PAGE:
The Gay and Lesbian Alliance Against Defamation (GLAAD) came to Atlanta last night (November 9) for the 2018 GLAAD Gala. The event was more than just a fundraiser; it was a celebration of the work GLAAD has done to share LGBTQ stories and ensure representation from the media to politics. Also celebrated were local and national LGBTQ advocates, storytellers, leaders, and heroes.
✨ We’re celebrating local and national heroes accelerating acceptance in the South at #GLAADatlanta with our CEO @sarahkateellis, our host for the night @katgraham and our board chair @pammiestewart! pic.twitter.com/SkchGeppdS
— GLAAD (@glaad) November 10, 2018
The night included stories from Michelle LeClair and Tena Clark, a review of the Rainbow Wave we saw in this past election from GLAAD President and CEO Sarah Kate Ellis, and an awarding of Amiyah Scott, transgender actress and activist, with GLAAD’s Rising Star Award.
“This is not just a night celebrating the incredible work [of GLAAD],” said Kat Graham – actress, singer, social media influencer, and the host of the event – as she kicked off the night, “but it’s to remember our power and our voice and our time to keep fighting.”
“We have inherent rights as human beings to love and be, period,” she continued. “We are here to challenge the hate and say, ‘Stand down’. We are here to say, ‘No more!’”
“We exist, and you can’t erase us. Our fight for equality does not dim because of the wish of one man and his administration to silence it. It will only make us louder.”
Graham, who has worked with GLAAD for about a decade, set the tone for the night: determined. Every speaker and every attendee were determined to make change in our television, our news, our government, and our country.
GLAAD invited partners Michelle LeClair and Tena Clark to each share their stories and experiences of being LGBTQ with the crowd.
LeClair, an Atlanta-based author, shared her story of coming out while a part of the Church of Scientology, while Clark, an Atlanta-based singer, shared hers of growing up and coming out in rural Mississippi.
“I once lived a lie in a so-called religion that said being gay was a horrible thing,” LeClair said. “I came out within an organization that sought to suppress who I was and who I loved.”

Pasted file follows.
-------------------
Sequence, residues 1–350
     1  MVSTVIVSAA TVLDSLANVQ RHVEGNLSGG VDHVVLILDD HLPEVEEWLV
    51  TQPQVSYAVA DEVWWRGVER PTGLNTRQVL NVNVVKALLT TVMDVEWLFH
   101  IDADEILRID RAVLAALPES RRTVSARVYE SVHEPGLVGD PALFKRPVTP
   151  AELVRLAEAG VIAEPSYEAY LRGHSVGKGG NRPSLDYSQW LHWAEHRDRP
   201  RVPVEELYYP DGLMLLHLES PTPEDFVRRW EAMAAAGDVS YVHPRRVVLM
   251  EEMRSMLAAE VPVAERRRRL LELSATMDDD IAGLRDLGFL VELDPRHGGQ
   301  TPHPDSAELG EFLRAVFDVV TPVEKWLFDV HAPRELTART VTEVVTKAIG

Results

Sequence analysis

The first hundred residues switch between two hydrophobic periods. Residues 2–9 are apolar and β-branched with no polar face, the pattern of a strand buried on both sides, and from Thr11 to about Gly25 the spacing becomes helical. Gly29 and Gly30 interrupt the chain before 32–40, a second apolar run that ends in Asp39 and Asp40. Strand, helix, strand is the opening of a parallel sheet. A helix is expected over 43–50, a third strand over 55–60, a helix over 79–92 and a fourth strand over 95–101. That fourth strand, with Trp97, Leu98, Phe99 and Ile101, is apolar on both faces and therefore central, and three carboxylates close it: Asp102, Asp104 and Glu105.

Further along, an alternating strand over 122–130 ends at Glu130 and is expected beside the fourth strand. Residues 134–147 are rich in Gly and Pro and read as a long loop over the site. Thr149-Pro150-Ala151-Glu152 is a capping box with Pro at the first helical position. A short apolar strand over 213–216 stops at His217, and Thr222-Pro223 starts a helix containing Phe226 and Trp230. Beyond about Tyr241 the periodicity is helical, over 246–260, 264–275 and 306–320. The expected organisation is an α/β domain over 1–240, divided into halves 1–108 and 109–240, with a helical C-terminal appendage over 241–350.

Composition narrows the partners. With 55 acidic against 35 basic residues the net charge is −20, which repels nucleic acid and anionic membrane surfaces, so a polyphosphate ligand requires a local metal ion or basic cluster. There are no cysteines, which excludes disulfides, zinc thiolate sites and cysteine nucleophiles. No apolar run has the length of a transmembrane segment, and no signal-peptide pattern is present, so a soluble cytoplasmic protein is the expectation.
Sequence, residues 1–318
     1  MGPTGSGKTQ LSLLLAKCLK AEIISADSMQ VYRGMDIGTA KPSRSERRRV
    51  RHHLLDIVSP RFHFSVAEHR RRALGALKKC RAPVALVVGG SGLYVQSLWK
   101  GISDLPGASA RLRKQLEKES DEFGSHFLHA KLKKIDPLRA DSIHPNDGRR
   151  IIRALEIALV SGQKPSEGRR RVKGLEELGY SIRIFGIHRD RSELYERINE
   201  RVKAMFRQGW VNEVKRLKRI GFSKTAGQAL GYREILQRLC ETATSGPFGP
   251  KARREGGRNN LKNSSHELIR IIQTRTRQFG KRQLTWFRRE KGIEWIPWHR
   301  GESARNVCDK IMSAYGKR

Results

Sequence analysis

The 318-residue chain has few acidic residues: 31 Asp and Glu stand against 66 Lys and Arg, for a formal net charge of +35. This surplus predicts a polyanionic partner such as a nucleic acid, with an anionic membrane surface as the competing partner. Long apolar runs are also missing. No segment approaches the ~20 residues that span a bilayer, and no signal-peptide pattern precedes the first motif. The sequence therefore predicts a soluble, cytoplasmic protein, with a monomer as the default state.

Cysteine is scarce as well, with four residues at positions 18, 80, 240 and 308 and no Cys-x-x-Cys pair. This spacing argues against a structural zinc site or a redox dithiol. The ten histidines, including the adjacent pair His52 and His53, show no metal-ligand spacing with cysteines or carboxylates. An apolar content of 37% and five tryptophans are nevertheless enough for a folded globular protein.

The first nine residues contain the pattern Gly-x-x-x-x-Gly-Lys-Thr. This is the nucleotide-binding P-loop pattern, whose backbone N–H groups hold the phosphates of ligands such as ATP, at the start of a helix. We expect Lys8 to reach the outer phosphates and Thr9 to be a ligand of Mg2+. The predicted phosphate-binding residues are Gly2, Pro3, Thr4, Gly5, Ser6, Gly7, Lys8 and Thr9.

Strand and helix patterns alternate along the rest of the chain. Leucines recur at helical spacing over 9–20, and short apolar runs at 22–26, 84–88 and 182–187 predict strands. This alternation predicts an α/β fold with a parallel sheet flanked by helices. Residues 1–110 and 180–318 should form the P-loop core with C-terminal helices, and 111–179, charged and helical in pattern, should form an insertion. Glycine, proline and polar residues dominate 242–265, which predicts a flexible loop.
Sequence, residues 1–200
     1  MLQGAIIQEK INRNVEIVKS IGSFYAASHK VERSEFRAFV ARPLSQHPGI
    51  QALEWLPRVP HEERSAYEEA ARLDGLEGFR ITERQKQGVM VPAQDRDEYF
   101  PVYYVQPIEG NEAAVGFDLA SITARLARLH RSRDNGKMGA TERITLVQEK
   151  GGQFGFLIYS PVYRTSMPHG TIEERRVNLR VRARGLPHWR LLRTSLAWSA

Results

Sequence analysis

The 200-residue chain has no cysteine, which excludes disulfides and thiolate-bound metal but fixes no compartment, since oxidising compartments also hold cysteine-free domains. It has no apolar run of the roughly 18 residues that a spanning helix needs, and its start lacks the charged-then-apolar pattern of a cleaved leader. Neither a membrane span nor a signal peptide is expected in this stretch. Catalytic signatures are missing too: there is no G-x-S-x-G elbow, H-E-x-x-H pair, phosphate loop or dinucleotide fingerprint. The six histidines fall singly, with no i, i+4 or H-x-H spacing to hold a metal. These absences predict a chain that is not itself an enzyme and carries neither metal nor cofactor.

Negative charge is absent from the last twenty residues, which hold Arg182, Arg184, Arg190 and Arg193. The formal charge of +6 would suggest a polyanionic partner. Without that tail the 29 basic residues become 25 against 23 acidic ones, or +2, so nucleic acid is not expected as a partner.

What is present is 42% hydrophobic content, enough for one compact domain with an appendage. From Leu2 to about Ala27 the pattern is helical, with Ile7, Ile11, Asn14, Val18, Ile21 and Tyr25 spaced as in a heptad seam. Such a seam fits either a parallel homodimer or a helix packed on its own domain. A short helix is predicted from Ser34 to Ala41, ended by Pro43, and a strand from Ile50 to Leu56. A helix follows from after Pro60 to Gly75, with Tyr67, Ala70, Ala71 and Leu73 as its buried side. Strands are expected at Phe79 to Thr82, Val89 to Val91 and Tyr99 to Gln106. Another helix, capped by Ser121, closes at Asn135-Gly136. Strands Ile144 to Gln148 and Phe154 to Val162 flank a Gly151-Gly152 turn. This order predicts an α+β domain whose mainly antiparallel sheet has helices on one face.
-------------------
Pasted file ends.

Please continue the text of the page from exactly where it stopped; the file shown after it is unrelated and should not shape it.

“I am a story of the south, as I’m sure a lot of you are,” said Clark. “There wasn’t much space for living outside the lines beyond rigid gender roles and an old-fashioned, intolerant notion of who you could love.”
The point of these stories? To exhibit the importance of representation and hearing LGBTQ stories that GLAAD holds at the core of its mission.
“To me, what’s important is that our stories are shared with the LGBTQ community,” LeClair continued. “I feel that we all have stories to share… I know hearing stories like ours makes all the difference and I hope we can inspire others.”
“GLAAD has played an absolute vital role in empowering all of us to share our truth,” Clark added.
Following the two storytellers was Sarah Kate Ellis, President and CEO of GLAAD. Ellis shared with the crowd the work GLAAD had been doing over the past year to ensure LGBTQ equality, as well as the success they found in this year’s election.
“We just lived through one of the most pivotal elections in our lifetime and GLAAD stepped up in a really big way,” she said.
She went on to list the ways GLAAD fought for LGBTQ representation in this election, including releasing the first-ever “Electing Acceptance Candidate Survey” and partnering with Michelle Obama’s organization, When We All Vote, to host a telethon the night before voting day and calling more than 50,000 LGBTQ and ally voters.
“Don’t let the Trump administration fool you. There was a rainbow wave this year,” Ellis said. And she was right: eight LGBTQ candidates were elected to federal seats, 34 to local seats, and 81 to state office.
“With the momentum of these electoral victories, now is the time to speak louder, share our stories, and fight for the causes closest to our hearts.”
She also congratulated out elected officials in Georgia Ben Ku, Sam Park, and Park Cannon.
Ellis went on to recognize GLAAD’s Trump Accountability Project, which documents every attack Donald Trump makes on the LGBTQ community. So far, there have been 81 such attacks.
Ellis closed out her speech with a message to the crowd: “The fight isn’t over, and we refuse to give up any more ground.”
Following Ellis was the finale of the evening: presenting the Rising Star Award to Amiyah Scott. Scott is the only transgender woman of color to star on a broadcast television series.
The award-winner got choked up before giving her speech, of which she opted to give from the heart rather than cards.
“Being trans, being a trans woman of color, being different, being part of the LGBTQ community, I’ve known and I think we’ve all known moments where we felt alone but we weren’t,” Scott said.
“We’re here and we’ve always been here and we always will be here,” she continued. “We exist.”
Scott closed out the evening with a simple message of resilience: “The fight won’t stop. We won’t stop, this is only the beginning. We’ve come so far but we have so much further to go.”